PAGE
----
Dr Jane Townson, Homecare Association’s CEO, said, 'The Homecare Association strongly supports vaccination of the homecare workforce and we lobbied hard, right from the beginning, to ensure it was as easy as possible for homecare workers to access vaccinations.'From the outset, though, we have argued that persuasion is likely to be more effective than compulsion in encouraging uptake among remaining careworkers with genuine fears. We are thus disappointed by the Government’s policy decision; their bullying approach towards the health and care workforce; and their failure to acknowledge the potential risks of losing at least 120,000 careworkers. The Government has no contingency plan for dealing with a potential loss of regulated homecare for over 120,000 older and disabled people. Who will care for them? How will councils and the NHS cope with the fallout?Dr Jane Townson added, 'We feel it's very important to balance the mitigated risk of infection with the risk of unavailability of care at home for highly dependent older and disabled people.'

Despite the challenges, progress has been made and currently 84.1% of homecare workers have had the first dose of vaccine, and 75.4% the second dose. The Homecare Association has said the extension to the 1st April 2022 is welcome, as it strives to encourage vaccine uptake in the remainder of the workforce.

The social care not-for-profit charity, Dimensions said the Government's decision threatens safe care for disabled people right across the country and it undermines the choice and control people have over who supports them. It will also put the viability of many providers at risk.

Steve Scown, Chief Executive of leading social care not-for-profit Dimensions, said, ‘Dimensions fully supports our workforce choosing to be vaccinated, but mandatory vaccination alone will not keep people safe. Already, many good colleagues have left. We will be forced to dismiss more on Friday when the first set of new regulations come into force, and now anticipate yet more dismissals in April.

‘Now is the time for the Government to learn about social care. To address social care in policy terms as an equal to the NHS, not a postscript. Spending a few pounds on a social care recruitment campaign is very far from the answer.’

Karolina Gerlich, CEO of The Care Workers’ Charity, said, ‘We are disappointed in today’s announcement which will make vaccination a condition of deployment in health and wider social care settings which will impact not only healthcare staff, but also former social care workers who were forced to leave the sector to move to the NHS, where they hoped they could avoid the impact of this arbitrary legislation. Moreover, those who moved from care home settings to home care will now have to leave the sector altogether- as they are forced out of their roles once the policy (now covering all CQC registered settings) comes into effect in April 2022.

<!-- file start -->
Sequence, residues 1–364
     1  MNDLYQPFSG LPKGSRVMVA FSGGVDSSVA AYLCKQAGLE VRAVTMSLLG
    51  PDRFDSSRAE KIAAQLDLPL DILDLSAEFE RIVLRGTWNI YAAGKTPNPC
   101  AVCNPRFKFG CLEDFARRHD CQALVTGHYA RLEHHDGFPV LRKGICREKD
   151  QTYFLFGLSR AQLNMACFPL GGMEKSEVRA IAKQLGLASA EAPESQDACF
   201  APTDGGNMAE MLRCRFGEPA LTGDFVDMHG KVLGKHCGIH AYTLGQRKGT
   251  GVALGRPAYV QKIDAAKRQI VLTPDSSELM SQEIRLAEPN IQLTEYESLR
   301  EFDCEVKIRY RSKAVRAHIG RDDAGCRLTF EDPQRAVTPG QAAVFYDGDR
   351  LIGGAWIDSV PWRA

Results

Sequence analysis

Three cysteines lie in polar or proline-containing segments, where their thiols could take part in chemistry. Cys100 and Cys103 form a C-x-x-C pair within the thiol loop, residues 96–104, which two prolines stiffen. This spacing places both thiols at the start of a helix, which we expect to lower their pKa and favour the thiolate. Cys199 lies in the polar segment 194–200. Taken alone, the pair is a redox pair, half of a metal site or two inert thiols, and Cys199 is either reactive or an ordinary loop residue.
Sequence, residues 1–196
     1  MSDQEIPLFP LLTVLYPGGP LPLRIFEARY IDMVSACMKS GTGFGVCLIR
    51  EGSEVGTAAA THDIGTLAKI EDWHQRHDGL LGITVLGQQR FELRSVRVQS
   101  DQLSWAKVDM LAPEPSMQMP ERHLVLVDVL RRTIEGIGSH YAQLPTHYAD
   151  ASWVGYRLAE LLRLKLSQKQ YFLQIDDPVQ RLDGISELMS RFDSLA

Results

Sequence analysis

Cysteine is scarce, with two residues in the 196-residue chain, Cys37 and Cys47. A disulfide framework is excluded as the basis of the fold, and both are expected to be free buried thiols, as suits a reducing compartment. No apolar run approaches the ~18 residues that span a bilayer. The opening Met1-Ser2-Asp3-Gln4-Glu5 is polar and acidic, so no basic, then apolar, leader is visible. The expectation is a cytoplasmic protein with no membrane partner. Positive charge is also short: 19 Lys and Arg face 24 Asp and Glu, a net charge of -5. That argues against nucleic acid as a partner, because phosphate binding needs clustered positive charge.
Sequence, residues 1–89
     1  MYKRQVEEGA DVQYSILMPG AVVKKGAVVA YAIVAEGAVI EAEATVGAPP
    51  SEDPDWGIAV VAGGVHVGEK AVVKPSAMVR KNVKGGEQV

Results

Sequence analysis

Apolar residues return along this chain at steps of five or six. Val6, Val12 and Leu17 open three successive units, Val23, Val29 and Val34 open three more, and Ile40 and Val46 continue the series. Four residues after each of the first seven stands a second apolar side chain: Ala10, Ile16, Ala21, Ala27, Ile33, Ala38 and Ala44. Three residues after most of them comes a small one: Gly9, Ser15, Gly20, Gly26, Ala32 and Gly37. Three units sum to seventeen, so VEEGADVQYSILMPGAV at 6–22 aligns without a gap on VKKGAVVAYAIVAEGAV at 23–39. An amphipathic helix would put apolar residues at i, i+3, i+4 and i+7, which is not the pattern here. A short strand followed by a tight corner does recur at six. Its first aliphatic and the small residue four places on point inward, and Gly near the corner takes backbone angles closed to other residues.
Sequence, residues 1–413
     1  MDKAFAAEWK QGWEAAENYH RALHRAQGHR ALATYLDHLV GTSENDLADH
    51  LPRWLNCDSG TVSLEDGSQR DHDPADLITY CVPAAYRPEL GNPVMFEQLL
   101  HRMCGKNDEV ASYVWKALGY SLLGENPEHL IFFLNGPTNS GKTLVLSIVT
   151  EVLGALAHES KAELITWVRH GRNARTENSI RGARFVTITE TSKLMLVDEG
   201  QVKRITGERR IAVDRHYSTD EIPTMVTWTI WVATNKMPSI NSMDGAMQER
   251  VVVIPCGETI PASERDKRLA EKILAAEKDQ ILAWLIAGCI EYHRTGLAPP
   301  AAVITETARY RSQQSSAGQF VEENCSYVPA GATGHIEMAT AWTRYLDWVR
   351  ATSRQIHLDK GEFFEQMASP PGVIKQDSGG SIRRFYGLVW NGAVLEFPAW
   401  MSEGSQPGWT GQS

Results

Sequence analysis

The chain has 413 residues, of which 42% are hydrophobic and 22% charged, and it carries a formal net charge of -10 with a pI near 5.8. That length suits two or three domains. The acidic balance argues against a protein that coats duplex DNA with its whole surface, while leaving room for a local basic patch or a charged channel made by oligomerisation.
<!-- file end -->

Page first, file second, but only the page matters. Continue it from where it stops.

‘Those in social care know from experience the devastating impact this will have. Despite the deadline for care home workers to have received both COVID vaccinations having not yet been reached (this is Thursday 11th), its impact was felt almost immediately, as care workers chose to leave the sector before they were pushed out of their roles.’

David Kelly, General Manager EMEA at Deputy, the workforce management app, said, ‘Health and social care workers are some of the most committed and hardworking people in this country. These ultimatums from the Government are forcing many to choose between a career they love and their own personal beliefs or health concerns. With staffing already under pressure, losing further workers will now also be a worry for NHS bosses. All eyes are on what happens in the care sector this week.’

In relation to the Government’s new recruitment campaign, David Kelly added, ‘UK care homes are reaching a crisis point. The Government’s new  ‘Made with Care’ recruitment campaign touts the concept of flexible hours to encourage people into jobs in the sector. But as it stands, many workers in care homes have to work 12-hour shifts. A much broader discussion is needed around improvement in all aspects of employee experience in health and social care.’

Visit the UK Government website to read the full Government response to the consultation.

In other news, a care provider, whose homes appear in a new TV documentary on the crisis in social care, has challenged the Government to debate the issues raised in it.